Warner Bros. caught us off guard a few weeks ago with the announcement of a solo Joker movie focused on his origins, directed by Todd Phillips and produced by Martin Scorsese. Aside from its '80s setting and standalone nature, there's very little we know about the film. How could a live-action tale entirely focused on the Clown Prince of Crime work? Well, a new rumor just surfaced, and it gives us an idea of how unique and intriguing the project could be.
Brendan Schaub, a former MMA fighter, recently appeared on the Joe Rogan Experience podcast. Schaub is friends with #ToddPhillips' agent, Todd Feldman, and during the interview, the fighter claimed to know some interesting story details from Joker's solo film:
"My boy Todd Feldman put this together with Todd Phillips. It's dark. It's like a dark Joker. As a kid, he had a permanent smile and everyone made fun of him. It’s like on the streets of Brooklyn. It's super dark and real."
Now, you should take these comments with a tiny grain of salt. Last week the Joker/#HarleyQuinn spinoff was announced, and The Hollywood Reporter stated the Joker movie was still in very early stages of development.
So, even if Schaub's comments are true, they're probably based around a very early concept, which could change at any minute. With that said, we love speculating about upcoming live-action adaptations, so let's have some fun and assume this information is real.
Joker starting his life as an outcast would make his hatred toward the world a much more personal situation. It would give us a new outlook on his reason for villainy, and his atrocities would have an emotional component attached to them. The potential for that kind of journey made me realize something:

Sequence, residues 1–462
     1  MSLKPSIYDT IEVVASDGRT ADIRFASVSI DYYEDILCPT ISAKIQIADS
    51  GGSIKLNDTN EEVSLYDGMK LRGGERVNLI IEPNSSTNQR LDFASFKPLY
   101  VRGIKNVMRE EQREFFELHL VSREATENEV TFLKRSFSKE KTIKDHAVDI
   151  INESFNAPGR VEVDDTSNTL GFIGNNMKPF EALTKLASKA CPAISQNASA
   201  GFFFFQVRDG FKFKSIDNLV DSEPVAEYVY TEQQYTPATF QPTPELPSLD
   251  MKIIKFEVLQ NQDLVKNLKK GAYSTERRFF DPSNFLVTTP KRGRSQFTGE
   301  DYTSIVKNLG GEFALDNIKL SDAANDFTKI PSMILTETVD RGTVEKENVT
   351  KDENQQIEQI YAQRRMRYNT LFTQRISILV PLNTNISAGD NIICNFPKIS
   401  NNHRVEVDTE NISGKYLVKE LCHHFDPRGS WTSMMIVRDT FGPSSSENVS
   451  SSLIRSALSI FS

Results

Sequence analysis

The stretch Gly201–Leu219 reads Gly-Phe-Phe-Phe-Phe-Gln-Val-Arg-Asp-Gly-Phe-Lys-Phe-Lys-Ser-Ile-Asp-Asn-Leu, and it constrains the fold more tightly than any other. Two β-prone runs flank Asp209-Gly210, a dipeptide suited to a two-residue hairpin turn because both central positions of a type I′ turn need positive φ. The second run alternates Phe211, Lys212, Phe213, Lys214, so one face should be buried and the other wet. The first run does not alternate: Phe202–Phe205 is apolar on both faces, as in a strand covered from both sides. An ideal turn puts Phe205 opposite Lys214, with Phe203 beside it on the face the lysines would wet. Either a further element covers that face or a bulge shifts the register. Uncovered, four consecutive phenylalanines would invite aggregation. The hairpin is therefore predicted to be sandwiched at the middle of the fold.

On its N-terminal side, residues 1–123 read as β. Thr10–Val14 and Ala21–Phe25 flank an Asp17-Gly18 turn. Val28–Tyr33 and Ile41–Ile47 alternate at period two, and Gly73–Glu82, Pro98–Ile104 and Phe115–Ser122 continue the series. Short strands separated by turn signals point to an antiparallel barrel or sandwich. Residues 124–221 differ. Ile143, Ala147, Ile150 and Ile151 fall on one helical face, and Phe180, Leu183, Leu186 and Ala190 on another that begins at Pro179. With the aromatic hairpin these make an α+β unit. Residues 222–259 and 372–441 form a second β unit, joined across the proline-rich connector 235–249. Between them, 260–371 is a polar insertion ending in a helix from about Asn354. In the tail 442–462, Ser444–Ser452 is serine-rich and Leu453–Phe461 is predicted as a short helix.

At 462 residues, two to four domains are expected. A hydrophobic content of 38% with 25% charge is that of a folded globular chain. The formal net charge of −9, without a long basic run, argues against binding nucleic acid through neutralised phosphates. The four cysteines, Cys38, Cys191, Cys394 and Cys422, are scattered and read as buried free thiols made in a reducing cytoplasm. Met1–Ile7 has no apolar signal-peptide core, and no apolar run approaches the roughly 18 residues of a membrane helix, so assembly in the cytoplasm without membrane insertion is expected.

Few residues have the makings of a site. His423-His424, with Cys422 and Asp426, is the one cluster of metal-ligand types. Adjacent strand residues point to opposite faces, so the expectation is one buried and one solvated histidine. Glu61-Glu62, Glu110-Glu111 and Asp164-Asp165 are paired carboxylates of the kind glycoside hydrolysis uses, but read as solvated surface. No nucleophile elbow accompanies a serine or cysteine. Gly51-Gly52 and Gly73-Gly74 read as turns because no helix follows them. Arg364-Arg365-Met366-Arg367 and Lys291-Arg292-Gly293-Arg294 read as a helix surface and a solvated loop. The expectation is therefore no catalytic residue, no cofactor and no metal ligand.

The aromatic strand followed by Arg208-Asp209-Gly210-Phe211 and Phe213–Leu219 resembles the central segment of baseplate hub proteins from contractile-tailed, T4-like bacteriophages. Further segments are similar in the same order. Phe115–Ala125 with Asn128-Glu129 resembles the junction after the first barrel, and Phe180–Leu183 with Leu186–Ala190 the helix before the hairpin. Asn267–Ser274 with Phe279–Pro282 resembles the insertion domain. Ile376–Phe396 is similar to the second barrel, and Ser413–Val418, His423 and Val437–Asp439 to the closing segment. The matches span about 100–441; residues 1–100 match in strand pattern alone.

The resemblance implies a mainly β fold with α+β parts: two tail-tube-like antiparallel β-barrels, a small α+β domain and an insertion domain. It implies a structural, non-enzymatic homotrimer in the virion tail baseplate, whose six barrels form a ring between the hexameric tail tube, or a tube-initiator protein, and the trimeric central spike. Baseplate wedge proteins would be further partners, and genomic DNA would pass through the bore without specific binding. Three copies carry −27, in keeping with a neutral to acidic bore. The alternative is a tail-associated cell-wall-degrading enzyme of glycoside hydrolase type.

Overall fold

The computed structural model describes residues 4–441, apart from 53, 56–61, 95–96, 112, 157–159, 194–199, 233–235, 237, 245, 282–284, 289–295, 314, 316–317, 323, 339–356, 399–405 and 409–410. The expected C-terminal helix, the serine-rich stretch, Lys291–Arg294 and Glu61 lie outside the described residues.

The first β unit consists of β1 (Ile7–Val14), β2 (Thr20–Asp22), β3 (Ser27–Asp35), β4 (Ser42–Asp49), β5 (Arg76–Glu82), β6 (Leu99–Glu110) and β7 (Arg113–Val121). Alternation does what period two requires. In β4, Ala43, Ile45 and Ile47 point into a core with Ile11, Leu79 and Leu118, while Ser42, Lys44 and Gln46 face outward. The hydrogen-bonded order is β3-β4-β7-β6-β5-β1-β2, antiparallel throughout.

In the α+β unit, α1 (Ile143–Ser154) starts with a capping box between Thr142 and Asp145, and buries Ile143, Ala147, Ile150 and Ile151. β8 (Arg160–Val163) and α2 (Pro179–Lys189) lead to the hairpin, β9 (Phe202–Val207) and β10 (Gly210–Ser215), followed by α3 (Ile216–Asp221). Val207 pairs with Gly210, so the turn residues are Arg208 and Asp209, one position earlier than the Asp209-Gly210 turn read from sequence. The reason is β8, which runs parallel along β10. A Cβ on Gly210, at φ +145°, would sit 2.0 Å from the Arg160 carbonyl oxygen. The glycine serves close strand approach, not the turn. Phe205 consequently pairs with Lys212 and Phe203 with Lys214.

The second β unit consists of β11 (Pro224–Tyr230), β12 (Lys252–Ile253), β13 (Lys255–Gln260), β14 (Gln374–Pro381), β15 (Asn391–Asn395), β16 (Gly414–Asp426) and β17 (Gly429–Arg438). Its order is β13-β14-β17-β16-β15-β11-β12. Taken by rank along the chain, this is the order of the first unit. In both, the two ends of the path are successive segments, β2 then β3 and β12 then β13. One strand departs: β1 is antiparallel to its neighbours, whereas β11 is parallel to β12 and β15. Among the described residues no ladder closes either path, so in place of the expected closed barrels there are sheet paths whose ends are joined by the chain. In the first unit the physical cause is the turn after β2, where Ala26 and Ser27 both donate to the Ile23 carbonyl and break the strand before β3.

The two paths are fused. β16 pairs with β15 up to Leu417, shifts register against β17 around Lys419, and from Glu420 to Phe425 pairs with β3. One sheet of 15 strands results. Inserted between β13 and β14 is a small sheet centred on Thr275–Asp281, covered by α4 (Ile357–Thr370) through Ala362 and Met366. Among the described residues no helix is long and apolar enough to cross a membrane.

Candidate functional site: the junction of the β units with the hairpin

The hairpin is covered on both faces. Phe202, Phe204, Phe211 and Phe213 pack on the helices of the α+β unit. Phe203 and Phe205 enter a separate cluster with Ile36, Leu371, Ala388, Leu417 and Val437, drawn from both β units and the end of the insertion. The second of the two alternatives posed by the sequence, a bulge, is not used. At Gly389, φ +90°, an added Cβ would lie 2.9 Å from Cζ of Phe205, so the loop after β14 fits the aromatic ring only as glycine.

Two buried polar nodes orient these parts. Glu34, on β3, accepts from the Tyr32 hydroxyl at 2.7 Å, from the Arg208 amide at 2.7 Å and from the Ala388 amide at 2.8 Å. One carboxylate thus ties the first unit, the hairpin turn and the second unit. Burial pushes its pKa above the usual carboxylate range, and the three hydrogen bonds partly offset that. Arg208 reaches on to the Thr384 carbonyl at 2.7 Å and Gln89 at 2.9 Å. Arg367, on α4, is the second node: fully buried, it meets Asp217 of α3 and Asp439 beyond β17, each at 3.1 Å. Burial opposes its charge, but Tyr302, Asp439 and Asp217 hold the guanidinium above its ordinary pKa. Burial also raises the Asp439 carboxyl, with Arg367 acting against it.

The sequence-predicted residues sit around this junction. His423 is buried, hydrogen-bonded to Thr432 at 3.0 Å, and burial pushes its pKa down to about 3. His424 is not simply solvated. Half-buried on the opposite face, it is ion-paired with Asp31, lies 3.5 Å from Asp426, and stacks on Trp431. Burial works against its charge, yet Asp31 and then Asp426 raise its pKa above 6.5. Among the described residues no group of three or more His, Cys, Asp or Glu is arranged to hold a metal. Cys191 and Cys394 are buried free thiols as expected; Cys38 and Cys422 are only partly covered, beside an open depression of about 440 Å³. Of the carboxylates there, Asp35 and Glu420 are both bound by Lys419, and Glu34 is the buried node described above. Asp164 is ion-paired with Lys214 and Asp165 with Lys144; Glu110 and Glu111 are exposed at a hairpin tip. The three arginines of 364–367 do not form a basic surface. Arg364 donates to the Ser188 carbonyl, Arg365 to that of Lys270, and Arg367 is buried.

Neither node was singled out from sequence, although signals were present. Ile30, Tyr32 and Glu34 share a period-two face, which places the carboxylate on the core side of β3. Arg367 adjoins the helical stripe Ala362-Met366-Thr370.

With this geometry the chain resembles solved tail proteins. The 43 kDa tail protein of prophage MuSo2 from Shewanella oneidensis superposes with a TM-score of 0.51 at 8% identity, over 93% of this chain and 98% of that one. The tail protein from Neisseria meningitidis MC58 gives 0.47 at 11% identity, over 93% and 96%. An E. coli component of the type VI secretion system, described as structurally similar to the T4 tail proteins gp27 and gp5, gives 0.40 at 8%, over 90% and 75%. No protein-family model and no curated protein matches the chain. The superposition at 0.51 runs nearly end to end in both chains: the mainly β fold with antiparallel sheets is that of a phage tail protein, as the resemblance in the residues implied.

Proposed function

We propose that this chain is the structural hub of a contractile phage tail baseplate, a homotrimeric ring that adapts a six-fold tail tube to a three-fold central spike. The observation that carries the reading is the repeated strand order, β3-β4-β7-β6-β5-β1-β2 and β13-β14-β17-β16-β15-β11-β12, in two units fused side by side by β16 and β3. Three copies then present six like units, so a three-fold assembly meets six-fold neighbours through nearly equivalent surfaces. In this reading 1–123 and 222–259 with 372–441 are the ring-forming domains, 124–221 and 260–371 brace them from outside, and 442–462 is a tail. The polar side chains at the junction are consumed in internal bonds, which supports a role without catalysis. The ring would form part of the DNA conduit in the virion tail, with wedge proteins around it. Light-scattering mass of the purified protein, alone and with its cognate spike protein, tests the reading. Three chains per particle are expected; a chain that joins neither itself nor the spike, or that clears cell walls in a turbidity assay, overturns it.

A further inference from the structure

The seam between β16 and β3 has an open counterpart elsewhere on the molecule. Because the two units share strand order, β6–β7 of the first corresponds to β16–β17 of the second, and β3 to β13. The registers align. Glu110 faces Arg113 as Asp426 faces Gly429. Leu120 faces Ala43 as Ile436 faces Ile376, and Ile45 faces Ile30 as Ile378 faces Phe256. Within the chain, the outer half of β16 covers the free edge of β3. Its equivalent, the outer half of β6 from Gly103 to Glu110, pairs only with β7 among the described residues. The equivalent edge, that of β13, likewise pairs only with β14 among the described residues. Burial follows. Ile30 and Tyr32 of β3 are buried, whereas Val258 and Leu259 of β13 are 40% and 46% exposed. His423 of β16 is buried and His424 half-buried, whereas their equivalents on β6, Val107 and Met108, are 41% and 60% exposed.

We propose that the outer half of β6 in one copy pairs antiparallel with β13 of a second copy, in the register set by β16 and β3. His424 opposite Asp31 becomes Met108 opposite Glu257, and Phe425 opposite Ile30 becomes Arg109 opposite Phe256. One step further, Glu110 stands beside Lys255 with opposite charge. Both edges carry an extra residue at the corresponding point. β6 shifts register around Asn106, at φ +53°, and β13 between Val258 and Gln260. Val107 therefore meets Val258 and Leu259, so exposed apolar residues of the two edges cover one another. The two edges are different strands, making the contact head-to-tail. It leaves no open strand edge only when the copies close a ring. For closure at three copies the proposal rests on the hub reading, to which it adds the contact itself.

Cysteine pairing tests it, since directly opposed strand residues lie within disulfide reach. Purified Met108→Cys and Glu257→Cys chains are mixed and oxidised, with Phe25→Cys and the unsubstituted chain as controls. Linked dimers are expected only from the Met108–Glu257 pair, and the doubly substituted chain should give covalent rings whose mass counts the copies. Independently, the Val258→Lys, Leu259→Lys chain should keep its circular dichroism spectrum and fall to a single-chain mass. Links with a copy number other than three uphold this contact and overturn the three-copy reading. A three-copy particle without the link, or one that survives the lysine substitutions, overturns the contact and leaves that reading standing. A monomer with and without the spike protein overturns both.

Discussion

This Is A Great Opportunity To Give The Movie A Psychological Horror Spin
Fans may be worried about the possibility of giving the Joker a personal trauma as a driving force for who he is. There have been some stories proposing various traumatizing scenarios for him, but otherwise, senseless madness is the core of the character. He simply enjoys watching people suffer, and as far as we can tell, he's always been that way.
However, making him a longterm victim of psychological abuse presents a great opportunity for the film to have a psychological horror vibe. Of course, I'm speculating from an already sketchy source, but can you imagine how terrifying witnessing the man's fall into the rabbit hole could be, if handled properly? There's one Batman graphic novel that perfectly illustrated this journey, even though it uses a different character: Arkham Asylum: A Serious House On Serious Earth.
In it, we're told the story of Amadeus Arkham. As a child, Amadeus lived with his mentally unstable mother. He took care of her, but his psyche slowly started to fall apart as a result of his household's overwhelmingly stressful environment. He went from a sweet little boy to a deranged man who ended up locked up in his own asylum, scribbling strange incantations after brutally torturing and subsequently murdering the man who raped and killed his family.
Why Does Psychological Horror Work So Well For The Joker?
Horror isn't a common word thrown around in comic book adaptations, but certain characters do fit the bill for it, and one of them is Joker. In both comic books and movies, the Clown Prince of Crime has always been represented as a frightening figure, one that would make you turn away if you ever crossed paths with him on the street.
Aside from perhaps #HeathLedger's take on the character, the almost demonic version we saw in the aforementioned #ArkhamAsylum graphic novel, and The Killing Joke's sadistic Joker, the character isn't usually represented within the horror vein. He's not physically imposing, and his villainous activities, as murderous and gruesome as they may be, often end up being portrayed as quirky or even comedic. However, having a movie detailing his slow fall into madness with a horror edge to it has the potential to turn him into a truly terrifying individual.
These types of solo comic book movies focused on characters that work best as supporting players need to have a unique spin to them to not get lost in the constant stream of superhero adaptations. Joker, for example, works best when he's a counterpoint to #Batman's metaphorical light.
The characters are two sides of the same coin, so Joker needs an original approach to make a story centered entirely around him interesting. With that in mind, I'm crossing my fingers for Phillips and #MartinScorsese to take advantage of the inherent horror elements that come with a story focused on Joker's origins.
How would you feel about us getting a more psychological horror-inspired Joker movie? Let me know in the comments!